One or more embodiments may contain the following modules: A Message Input Module that accepts incoming messages; A Feature Extraction Module that analyzes the message and generates a set of features describing the message; An Information Selection Module that selects relevant contextual information items from one or more Contextual Information Sources accessible to the system (potentially over network connections); A Message Annotation Module that adds the selected items to the message; and A Message Output Module that transmits the annotated message to the recipients.

In one or more embodiments of the system, the Message Input Module accepts or otherwise retrieves messages from any of the types of information sources available. The message is then sent to the Feature Extraction Module for analysis.

In one or more embodiments of the system, the Feature Extraction Module analyzes the message artifacts of the message received by the Message Input Module, and generates a set of features associated with these artifacts. Embodiments may use any number and type of features to describe the message. Examples may include, without limitation, word counts, keywords, key phrases, inferred topics, characteristics of senders or receivers, and any data items referenced in a message or derived from any of the message artifacts. One use of the features is to characterize the message so that relevant contextual data for the message can be located. Finding this relevant contextual data is the role of the Information Selection Module.

The Information Selection Module has an interface to one or more Contextual Information Sources. These sources may be internal to the system, or external to the system. Sources may be proprietary or open, public or private, and unsecured or secured. They may include for example, without limitation, websites, databases, repositories, archives, file systems, publications, wikis, logs, blogs, news feeds, RSS feeds, mailing lists, contact lists, or any other source of potentially relevant data. The Information Selection Module searches these sources using the message features, and it retrieves a set of contextual information items that appear to be relevant for the message. These items are then passed to the Message Annotation Module.

The Message Annotation Module transforms the original message by adding the selected contextual information items. Embodiments may execute these transformations in various ways, including for example, without limitation, attaching items to a message, modifying the text of a message, modifying subject lines of a message, adding new recipients to a message, or highlighting text in a message or otherwise modifying the message format. Embodiments may insert information inline or via references, hyperlinks, attachments, or added or modified message body parts.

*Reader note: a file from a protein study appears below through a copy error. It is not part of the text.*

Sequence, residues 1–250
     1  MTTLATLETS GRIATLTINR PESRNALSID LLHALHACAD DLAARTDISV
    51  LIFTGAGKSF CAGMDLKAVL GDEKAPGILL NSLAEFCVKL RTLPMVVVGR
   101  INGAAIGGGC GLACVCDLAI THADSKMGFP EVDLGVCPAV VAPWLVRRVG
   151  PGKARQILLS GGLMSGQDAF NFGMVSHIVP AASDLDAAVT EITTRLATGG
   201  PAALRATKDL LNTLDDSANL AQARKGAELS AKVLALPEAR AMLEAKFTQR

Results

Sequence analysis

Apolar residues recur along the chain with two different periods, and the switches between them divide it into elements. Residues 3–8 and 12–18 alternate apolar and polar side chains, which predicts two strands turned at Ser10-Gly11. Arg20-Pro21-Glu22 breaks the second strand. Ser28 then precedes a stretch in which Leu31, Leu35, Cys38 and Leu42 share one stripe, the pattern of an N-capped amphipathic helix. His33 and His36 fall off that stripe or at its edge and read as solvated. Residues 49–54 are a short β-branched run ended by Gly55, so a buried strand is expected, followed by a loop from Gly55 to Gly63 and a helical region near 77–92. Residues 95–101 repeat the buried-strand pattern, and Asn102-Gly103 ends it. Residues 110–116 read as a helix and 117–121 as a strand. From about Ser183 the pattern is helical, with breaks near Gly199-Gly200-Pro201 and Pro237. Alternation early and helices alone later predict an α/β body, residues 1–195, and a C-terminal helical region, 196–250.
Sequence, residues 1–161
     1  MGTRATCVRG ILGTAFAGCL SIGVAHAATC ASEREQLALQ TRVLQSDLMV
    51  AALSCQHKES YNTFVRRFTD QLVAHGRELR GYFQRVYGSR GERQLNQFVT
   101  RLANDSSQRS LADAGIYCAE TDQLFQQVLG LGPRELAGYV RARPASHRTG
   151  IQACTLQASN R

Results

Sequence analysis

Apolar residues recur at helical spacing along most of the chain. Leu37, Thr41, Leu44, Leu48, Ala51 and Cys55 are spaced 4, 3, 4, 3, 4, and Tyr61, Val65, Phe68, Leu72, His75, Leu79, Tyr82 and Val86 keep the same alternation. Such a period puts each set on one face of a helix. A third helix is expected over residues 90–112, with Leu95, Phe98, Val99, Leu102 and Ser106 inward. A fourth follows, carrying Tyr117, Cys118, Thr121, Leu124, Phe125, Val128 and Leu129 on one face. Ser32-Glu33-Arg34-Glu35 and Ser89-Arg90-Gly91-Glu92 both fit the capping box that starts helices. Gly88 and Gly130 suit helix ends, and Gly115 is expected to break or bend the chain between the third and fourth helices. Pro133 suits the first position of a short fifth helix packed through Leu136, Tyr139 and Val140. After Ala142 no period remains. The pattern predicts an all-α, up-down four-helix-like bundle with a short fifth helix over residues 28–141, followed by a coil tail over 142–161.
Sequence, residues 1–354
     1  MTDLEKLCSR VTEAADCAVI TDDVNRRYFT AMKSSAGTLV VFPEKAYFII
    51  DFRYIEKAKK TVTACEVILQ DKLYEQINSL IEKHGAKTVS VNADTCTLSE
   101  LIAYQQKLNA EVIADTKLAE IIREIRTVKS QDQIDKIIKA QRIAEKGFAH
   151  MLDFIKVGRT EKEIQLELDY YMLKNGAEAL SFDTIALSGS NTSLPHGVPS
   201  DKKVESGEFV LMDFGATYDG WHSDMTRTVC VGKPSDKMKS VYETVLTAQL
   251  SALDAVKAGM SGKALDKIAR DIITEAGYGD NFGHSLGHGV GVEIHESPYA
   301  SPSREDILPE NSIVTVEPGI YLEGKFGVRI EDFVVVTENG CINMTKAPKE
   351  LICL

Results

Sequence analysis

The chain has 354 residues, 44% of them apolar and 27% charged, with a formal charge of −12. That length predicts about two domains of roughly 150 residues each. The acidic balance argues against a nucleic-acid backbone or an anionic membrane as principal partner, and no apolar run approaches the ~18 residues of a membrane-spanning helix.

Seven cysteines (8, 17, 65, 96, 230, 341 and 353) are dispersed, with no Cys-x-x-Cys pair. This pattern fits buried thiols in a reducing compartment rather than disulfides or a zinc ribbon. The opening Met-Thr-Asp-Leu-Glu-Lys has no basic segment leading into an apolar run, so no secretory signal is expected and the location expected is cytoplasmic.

The Message Output Module transmits the now annotated message to the original recipients, and potentially to other recipients identified during the annotation process.

Specifically, one or more embodiments of the Feature Extraction Module generate word or symbol or phrase “n-grams” to form part of the feature set for the message. N-grams are sequences of items extracted from the message; for example, word 1-grams are individual words, and word 2-grams are consecutive word pairs. One or more embodiments may use frequency distributions of n-grams in the message to locate relevant items from the Contextual Information Sources. For example, relevant items may be selected as those with similar n-gram frequency distributions to those of the message.

One or more embodiments of the Information Selection Module select relevant contextual information items by calculating, assigning, or retrieving a relevance score for each item based on the message features, and then ranking items by their relevance scores. A set of top-ranked items may be selected to add to the message as annotations. In some embodiments the Information Selection Module may perform one or more initial queries to generate a set of possibly relevant items, and then calculate relevance scores for that set only. Embodiments may use any method, formula, or algorithm to calculate relevance scores.